For example, how do I find the value of:

$$ (\cos(e) + i\times\sin(e))^{\frac{\pi}{2}} $$

I've did a bit of searching and found this amazing question, and it gave me two ways "to raise a non-complex number to an irrational power":

  1. You can pick a sequence of rational numbers $x_n$ converging to $x$ (i.e., $\lim\limits_{n\to\infty} x_n = x$) and define $$a^x = \lim_{n\to\infty} a^{x_n}.$$
  2. You can use the exponential function $e^x$ (defined in many ways, say as $e^x = \lim_{n\to\infty} (1+\frac{x}n)^n$ or with a power series), and its inverse the logarithmic function that satifies $e^{\ln t} = t$ for all positive $t$, and since $a = e^{\ln a}$, define $$a^x = e^{x \ln a}.$$

The first way won't work with transcendental numbers such a $ \pi $, $ \frac{\pi}{2}$ and its family.

The second way will end up giving me $ \ln(i) $ in an exponent, which I'd rather not endure right now.

I tried De Moivre's, but I noticed that it only works for integer powers.

So how should I approach $(\cos(e) + i*\sin(e))^{\frac{\pi}{2}} $?

  • $\begingroup$ what do you mean with $e$ in the argument of sin and cos? $\endgroup$ – Dr. Sonnhard Graubner Nov 11 '17 at 13:00
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    $\begingroup$ @OP: You can always use method 1. E.g., $4-\frac43+\frac45-\frac47+...$ converges to $\pi$. $\endgroup$ – user202729 Nov 11 '17 at 13:02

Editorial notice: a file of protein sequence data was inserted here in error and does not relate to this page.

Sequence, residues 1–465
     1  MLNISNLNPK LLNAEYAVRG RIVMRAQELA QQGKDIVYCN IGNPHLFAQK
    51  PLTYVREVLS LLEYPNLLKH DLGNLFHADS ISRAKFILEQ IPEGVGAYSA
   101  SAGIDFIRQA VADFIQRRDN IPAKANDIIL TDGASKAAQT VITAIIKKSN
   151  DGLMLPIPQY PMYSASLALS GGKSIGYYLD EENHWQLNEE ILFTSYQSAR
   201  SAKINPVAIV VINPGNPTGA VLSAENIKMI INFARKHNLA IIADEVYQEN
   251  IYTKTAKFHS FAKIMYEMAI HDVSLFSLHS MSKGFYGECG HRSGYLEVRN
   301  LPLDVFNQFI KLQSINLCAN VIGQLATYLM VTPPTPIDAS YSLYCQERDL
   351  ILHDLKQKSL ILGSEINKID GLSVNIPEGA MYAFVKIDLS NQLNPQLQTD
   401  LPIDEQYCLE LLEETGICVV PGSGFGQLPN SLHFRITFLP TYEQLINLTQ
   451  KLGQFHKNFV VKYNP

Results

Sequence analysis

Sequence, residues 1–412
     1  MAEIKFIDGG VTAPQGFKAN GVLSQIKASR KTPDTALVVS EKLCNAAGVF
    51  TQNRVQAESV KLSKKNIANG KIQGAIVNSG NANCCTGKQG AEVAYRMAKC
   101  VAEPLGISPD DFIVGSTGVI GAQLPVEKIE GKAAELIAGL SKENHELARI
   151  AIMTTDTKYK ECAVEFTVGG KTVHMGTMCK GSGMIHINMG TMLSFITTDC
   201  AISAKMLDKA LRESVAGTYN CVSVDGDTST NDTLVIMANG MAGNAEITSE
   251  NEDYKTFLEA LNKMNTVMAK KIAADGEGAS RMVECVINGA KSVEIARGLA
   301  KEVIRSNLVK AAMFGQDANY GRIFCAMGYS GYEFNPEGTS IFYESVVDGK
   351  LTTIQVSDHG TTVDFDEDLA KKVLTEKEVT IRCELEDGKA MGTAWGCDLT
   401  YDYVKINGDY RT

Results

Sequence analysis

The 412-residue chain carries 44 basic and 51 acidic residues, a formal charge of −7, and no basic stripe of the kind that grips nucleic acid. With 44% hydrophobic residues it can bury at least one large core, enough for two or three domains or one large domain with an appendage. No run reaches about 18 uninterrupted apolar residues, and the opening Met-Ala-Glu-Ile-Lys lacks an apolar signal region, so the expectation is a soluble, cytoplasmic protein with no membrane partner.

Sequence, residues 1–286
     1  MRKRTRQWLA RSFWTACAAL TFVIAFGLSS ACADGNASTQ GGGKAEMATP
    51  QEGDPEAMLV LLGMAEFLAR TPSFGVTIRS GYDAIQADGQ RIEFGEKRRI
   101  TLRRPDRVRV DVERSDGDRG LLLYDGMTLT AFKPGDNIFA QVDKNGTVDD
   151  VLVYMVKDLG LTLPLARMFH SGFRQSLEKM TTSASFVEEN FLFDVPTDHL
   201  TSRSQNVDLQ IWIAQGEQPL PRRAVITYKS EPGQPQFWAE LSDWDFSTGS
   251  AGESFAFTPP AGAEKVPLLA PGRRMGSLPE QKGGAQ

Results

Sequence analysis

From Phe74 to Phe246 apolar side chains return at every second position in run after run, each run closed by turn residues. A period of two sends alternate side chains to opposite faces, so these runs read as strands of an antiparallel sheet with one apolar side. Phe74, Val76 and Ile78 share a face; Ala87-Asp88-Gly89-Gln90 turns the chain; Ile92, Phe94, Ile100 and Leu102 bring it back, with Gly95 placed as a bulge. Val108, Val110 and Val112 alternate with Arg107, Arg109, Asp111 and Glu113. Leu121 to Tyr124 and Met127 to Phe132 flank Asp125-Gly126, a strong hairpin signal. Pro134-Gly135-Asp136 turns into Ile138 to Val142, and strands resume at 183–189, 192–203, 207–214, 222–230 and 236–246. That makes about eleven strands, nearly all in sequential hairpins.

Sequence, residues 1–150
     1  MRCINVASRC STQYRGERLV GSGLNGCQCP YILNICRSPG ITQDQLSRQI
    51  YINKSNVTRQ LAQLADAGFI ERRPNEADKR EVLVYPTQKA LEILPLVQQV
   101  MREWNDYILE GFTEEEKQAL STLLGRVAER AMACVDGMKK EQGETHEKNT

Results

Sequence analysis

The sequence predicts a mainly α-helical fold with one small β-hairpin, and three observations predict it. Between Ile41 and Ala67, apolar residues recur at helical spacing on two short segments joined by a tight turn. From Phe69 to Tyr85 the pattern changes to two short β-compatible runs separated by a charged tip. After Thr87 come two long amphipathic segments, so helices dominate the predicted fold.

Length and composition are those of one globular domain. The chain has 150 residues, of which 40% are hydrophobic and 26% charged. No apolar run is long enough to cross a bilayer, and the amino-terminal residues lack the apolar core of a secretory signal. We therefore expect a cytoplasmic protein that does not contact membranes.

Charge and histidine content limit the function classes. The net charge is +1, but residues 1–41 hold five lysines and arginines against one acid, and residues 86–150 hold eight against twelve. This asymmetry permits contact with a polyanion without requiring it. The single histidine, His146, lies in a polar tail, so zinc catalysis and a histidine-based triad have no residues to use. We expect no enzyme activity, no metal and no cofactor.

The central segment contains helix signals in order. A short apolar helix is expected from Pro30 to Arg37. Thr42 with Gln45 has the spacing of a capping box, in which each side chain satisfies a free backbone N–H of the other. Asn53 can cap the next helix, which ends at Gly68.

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    $\begingroup$ you can also have a look at WA, there are several formulas $\endgroup$ – Dr. Sonnhard Graubner Nov 11 '17 at 13:06
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    $\begingroup$ Also I suggest using \times for $\times$ because it is a more correct way to write multiplication (in this case); and there is a method to zoom math formulas (right click \ Math Settings \ Zoom Trigger \ Double-click then double-click at the formula), so including the "that tiny exponent" part is often unnecessary. $\endgroup$ – user202729 Nov 11 '17 at 13:13
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    $\begingroup$ @ArandomUserNameEG Wolfram Alpha. $\endgroup$ – user202729 Nov 11 '17 at 14:31

$$ (\cos e + i \sin e) ^ {\pi \over 2} $$ $$ = \left( e^ {i \times e} \right) ^ {\pi \over 2} $$ (by Euler's formula) $$ = e ^ {i \times \left({\pi \over 2} \times e\right)} $$ $$ = \cos \left({\pi \over 2} \times e\right) + i \sin \left({\pi \over 2} \times e\right) $$

Warning: As GEdgar wrote in the comment below, because of branch cut, $e^{x\times y}=\left(e^x\right)^y$ is not true for all complex $x$ and $y$. Wikipedia reference.

  • $\begingroup$ Now, that's an elegant solution, I didn't know you could use Euler's formula like that! $\endgroup$ – ArandomUserNameEG Nov 11 '17 at 13:55
  • $\begingroup$ You didn't know it? Good. Because the "law" $(e^a)^b = e^{ab}$ is in general false for complex $a,b$. $\endgroup$ – GEdgar Nov 11 '17 at 18:12

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